the close of the Intermezzo which really took one’s breath away.
Massenet’s ‘Méditation’ from Thaïs kept happy those punters eager
for further opportunity to relish Bell’s beautiful tone, but I couldn’t
help thinking that the high spirits of a dance miniature by Falla or
Sarasate – to whom Lalo’s concerto was dedicated – might have stirred the
passions more.

Organist Cameron Carpenter joined Dutoit and the RPO for a fittingly
thunderous rendition of Saint-Saën’s Third Symphony (the ‘Organ’ Symphony).
As in the Lalo, Dutoit drew disciplined, expressive playing from his
instrumentalists – the richness of the brass was particularly eloquent –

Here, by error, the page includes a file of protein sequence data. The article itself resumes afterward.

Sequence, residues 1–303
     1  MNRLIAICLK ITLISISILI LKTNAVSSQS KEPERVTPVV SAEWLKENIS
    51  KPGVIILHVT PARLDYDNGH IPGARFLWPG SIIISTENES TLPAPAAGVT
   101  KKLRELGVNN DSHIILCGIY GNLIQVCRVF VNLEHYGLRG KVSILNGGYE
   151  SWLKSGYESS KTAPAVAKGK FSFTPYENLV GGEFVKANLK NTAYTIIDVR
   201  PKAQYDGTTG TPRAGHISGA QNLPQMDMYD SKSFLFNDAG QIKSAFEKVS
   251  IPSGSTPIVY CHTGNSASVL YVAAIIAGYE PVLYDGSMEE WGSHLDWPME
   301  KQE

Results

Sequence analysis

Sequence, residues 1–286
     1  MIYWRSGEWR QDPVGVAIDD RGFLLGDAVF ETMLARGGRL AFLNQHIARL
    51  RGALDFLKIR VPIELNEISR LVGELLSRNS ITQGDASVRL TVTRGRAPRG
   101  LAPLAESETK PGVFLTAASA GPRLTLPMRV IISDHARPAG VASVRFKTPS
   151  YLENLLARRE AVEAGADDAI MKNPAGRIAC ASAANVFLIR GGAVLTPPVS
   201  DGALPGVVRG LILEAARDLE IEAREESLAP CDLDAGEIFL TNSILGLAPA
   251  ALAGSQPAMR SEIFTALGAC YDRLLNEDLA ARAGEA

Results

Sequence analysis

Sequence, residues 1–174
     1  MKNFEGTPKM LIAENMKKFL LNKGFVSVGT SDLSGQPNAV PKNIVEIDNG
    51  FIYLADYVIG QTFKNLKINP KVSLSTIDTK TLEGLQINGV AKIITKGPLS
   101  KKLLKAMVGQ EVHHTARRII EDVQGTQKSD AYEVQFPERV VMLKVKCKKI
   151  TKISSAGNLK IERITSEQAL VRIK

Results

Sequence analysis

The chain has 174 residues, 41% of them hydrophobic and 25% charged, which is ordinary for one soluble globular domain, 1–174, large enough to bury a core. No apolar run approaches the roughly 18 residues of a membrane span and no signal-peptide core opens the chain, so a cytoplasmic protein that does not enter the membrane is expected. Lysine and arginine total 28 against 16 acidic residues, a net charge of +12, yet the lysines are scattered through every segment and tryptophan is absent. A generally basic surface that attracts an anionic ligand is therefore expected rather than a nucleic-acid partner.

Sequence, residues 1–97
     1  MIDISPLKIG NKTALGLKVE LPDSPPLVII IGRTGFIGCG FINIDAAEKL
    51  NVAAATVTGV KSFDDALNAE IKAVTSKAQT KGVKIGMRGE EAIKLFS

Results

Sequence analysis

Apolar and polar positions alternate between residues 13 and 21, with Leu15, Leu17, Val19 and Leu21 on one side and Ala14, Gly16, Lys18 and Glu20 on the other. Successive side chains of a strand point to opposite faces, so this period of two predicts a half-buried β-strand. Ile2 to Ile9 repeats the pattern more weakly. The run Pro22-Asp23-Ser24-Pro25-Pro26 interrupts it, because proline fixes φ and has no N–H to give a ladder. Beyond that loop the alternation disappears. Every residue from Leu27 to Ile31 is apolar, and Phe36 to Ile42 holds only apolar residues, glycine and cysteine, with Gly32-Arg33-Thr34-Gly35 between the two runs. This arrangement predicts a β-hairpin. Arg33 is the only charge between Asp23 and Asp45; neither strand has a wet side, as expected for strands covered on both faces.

and the structure was underpinned by persuasive rhythmic and temporal
fluency. Saint-Saëns’ symphony was commissioned by the Philharmonic Society
and first performed in 1886. It was thus a fitting conclusion to a concert
during which Dutoit – the RPO’s Artistic Director and Principal Conductor,
who made his debut at the Proms 36 years ago in 1981 – was presented with a
Royal Philharmonic Society Gold Medal by John Gilhooly, the Chairman of the
RPS, thus becoming the 103rd recipient of the illustrious award.

Claire Seymour

BBC Prom 43: Manuel de Falla – El amor brujo; Édouard Lalo –
Symphonie espagnole Op.21; Camille Saint‐Saëns – Symphony No.3 in C minor (Organ)

Stéphanie d’Oustrac (mezzo-soprano), Joshua Bell (violin), Cameron
Carpenter (organ), Charles Dutoit (conductor), Royal Philharmonic
Orchestra.

Royal Albert Hall, London; Thursday 17th August 2017.

Photo credit: Chris Christodoulou
Source: Opera Today